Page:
An upgrade of the University of New South Wales’ Wi-Fi network is underway which could offer students speeds of up to 1.3 Gigabits per second.
UNSW communication services manager Greg Sawyer said the increased bandwidth is essential to cope with the estimated 20,000 devices on the network.
“The students have, on average, three devices because they’re using a phone, laptop and tablet,” he said.
There are approximately 2000 Wi-Fi access points installed across the main campus in Sydney. Students can access their course content, educational videos and sites such as Facebook and Twitter.
The faster speeds will be made possible with the introduction of a Cisco 802.11 ac enterprise-grade cloud-managed access point. This upgrade will take place by June 2013.
Working in partnership with Cisco, the university first rolled out wireless access points in 2003.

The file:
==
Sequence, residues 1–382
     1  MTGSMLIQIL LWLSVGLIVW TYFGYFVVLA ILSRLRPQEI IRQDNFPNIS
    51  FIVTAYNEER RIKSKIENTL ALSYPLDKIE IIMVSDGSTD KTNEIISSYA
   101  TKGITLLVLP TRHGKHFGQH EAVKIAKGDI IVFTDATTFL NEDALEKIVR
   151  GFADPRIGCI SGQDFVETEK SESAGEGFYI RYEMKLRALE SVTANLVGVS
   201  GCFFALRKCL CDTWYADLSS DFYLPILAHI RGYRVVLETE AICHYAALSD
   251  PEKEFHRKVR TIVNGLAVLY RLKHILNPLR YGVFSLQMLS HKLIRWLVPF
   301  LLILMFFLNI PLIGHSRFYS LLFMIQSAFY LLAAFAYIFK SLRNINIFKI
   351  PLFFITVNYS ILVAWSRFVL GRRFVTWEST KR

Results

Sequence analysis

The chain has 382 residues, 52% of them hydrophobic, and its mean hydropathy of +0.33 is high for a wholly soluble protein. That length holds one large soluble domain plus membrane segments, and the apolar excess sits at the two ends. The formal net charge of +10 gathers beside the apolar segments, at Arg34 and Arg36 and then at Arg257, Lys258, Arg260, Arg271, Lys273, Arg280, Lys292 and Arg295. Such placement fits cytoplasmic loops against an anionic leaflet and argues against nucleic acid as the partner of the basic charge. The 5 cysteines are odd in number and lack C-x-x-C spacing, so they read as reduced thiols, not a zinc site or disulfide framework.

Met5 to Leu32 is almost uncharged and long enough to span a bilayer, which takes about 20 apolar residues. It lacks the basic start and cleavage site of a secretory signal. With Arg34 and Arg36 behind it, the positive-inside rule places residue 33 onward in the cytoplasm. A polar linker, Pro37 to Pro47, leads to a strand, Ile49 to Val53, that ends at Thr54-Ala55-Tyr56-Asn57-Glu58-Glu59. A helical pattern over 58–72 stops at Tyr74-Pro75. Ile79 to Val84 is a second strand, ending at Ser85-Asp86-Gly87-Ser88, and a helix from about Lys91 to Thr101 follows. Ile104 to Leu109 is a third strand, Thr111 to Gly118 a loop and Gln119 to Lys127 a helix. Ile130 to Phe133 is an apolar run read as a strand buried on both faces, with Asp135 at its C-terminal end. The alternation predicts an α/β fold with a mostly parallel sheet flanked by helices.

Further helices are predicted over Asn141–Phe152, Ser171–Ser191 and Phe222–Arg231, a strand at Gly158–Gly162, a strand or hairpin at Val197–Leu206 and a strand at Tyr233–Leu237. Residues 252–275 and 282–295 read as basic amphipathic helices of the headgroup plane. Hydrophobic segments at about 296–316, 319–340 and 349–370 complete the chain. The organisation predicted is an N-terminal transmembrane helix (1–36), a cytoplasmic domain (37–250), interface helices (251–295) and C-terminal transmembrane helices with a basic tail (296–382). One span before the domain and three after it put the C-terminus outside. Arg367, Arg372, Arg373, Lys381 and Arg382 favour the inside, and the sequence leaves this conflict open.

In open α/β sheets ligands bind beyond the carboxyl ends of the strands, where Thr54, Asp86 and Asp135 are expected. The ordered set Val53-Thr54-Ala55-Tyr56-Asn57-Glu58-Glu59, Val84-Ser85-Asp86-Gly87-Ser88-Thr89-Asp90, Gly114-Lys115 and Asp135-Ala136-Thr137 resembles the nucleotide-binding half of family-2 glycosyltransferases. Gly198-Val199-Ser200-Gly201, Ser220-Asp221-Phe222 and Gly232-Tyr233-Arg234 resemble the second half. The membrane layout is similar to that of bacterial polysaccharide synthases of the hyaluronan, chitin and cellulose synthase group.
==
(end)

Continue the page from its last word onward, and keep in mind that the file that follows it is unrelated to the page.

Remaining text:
According to Sawyer, the vendor has helped the university meet the challenge of anywhere, any time Internet that students expect.
“We think we’ll get a 300 per cent increase in speed but we will wait for the new cloud access point modules to come out to prove that,” he said.
He added that students are currently getting speeds of between two and 10 Megabits per second at peak hours in locations such as the university's library.
UNSW is also upgrading the network to manage the planned growth in high definition (HD) online learning.
“This year we are forecasting 1200 hours of classroom lectures per week will be recorded in HD which is about 2.5 terabytes of data,” he said.
Turning to security, Sawyer said that firewalls are installed so students can access the services they need online while being protected.
“We tend to stop the viruses and malware rather than blocking lots of websites. When Viagra was doing the rounds of spam email, researchers needed access to websites about Viagra,” he said.
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